**Examples of using RSG software in Graphics, Physics and Mathematics**

*D**avid Gross*

*david.gross8@gmail.com*

#### Graphics

The software can create variety of shapes according to the inserted functions.

The graphics can be used for websites design, textile design and the like.

Examples:

**Scientific examples**

**1. Point Charges: **

The next graphs present the electric potential of two point charges (one is positive and the second negative). The upper drawing was created by RSG (Realex Space Graphing) and the lower one by Mathematica software.

The function is: F(x,y) = 1000 /sqr(x^2+y^2)-1000/sqr((x+200)^2+(y)^2)

Another example of point charges presented below. The right one created by Mathematica software and the left one by RSG.

**2. Diffraction**

The next example shows the light intensity that received on a screen, when a light beam is passing through a rectangular aperture. This phenomenon is called – Diffraction. It shows the advantage of RSG software. At the upper graph (RSG) we can see the difference between the critical points, if it Minima or Maxima. The difference is presented by different colors. At the Minima the colors are yellow-white, and at the Maxima the colors are blue-green. At Mathematica software (lower graph) this distinction is not exist.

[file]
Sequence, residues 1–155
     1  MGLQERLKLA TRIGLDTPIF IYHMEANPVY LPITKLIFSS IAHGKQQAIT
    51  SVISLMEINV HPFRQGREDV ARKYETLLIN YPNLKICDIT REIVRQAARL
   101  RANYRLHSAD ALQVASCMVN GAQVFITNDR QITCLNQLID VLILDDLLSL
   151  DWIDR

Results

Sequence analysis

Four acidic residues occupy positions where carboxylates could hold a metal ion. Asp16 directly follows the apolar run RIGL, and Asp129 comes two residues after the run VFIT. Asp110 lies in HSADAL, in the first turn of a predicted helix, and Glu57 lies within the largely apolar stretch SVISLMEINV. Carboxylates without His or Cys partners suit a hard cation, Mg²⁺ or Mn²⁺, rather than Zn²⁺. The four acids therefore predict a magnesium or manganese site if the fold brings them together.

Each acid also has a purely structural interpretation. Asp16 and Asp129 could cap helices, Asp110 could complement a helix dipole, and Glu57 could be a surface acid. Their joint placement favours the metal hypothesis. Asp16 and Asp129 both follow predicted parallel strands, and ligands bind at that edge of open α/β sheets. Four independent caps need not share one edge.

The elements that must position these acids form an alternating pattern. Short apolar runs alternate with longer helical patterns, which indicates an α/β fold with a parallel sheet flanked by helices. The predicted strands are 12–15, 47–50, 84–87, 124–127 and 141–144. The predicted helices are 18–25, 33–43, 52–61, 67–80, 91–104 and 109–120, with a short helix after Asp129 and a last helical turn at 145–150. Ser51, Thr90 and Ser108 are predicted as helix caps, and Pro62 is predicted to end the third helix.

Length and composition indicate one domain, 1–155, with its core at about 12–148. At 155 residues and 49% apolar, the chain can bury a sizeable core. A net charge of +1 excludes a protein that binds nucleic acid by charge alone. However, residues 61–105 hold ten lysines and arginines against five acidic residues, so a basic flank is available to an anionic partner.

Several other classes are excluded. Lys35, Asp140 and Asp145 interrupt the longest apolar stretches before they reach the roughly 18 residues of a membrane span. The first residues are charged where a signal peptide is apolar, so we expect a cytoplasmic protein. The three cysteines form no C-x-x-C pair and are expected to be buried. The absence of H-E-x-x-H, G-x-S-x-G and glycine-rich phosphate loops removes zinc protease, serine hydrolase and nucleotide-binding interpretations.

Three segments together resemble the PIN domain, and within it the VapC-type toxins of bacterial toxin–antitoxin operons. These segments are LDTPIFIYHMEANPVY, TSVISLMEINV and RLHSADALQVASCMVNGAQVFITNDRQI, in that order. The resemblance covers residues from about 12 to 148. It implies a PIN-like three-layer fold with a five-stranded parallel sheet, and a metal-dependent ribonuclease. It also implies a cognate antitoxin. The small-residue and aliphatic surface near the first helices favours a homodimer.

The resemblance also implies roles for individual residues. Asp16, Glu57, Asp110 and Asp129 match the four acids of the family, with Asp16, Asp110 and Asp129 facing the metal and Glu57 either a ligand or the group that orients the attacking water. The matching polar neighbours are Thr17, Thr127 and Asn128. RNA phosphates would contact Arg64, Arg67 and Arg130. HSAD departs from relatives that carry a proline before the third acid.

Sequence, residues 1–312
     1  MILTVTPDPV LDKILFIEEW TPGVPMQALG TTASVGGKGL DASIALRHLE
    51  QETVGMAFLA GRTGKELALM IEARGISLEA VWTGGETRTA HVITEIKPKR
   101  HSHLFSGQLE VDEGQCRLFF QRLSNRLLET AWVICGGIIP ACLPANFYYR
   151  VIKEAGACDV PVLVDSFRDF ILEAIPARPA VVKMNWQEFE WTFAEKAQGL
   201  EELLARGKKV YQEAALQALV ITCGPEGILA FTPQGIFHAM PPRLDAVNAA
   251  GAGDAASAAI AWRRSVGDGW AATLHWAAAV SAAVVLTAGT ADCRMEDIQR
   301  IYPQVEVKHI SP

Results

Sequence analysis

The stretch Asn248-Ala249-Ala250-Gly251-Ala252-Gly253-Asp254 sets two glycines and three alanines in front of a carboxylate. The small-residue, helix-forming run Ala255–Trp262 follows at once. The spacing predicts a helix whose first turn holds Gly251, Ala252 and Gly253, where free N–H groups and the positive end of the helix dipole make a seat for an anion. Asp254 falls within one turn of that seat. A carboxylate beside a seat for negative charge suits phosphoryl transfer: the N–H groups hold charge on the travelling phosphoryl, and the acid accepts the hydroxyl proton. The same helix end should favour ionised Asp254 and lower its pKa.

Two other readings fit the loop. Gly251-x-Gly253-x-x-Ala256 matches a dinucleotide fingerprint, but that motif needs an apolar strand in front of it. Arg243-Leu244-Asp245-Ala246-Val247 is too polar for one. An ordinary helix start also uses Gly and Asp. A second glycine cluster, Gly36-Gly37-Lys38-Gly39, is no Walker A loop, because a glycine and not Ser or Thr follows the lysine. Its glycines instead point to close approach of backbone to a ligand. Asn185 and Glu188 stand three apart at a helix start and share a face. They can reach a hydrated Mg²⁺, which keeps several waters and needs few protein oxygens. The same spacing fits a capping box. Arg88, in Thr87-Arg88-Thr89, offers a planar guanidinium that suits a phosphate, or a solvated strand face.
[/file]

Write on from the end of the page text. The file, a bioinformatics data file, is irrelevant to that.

**3. Mathematics – Critical Points**

Here is an example of finding the critical points of the function:

f(x,y)=x^5+y^4-5*x-32*y

by the RSG method.

RSG method solved the problem graphically without the need of using partial derivatives as shown in the MIT website:

http://web.mit.edu/wwmath/vectorc/minmax/critical.html

1. Type the function:

2. Choose the proper ranges. In this example the range for x axis is [-3,3] and for y-axis is also [-3,3]:

3. The size of the graph and the resolution can vary. In this example the picture height and width choose to be 5000, and the resolution is very fine (1000).

4. Click on Draw to have the answer:

5. By drawing a grid we can find the position of the two critical points.

The **minimum** **point** of the function is (1,2).

And the point (-1,2) is a **saddle point.**

**4. Wannier Functions**

**5. Cayley tables**

**6. Catastrophe Theory**

Comparison between the phase portrait result as shown in the book ‘Catastrophe Theory for Scientists and Engineers’ by Robert Gilmore:

and the result made by the RSG software:

**7.** **Fourier Transform**

**8. Phase Portrait**

**9. Optimization**

http://benchmarkfcns.xyz/benchmarkfcns/birdfcn.html

**10. Fluid Flow**

https://patents.google.com/patent/US6516292B2/en?oq=us6516292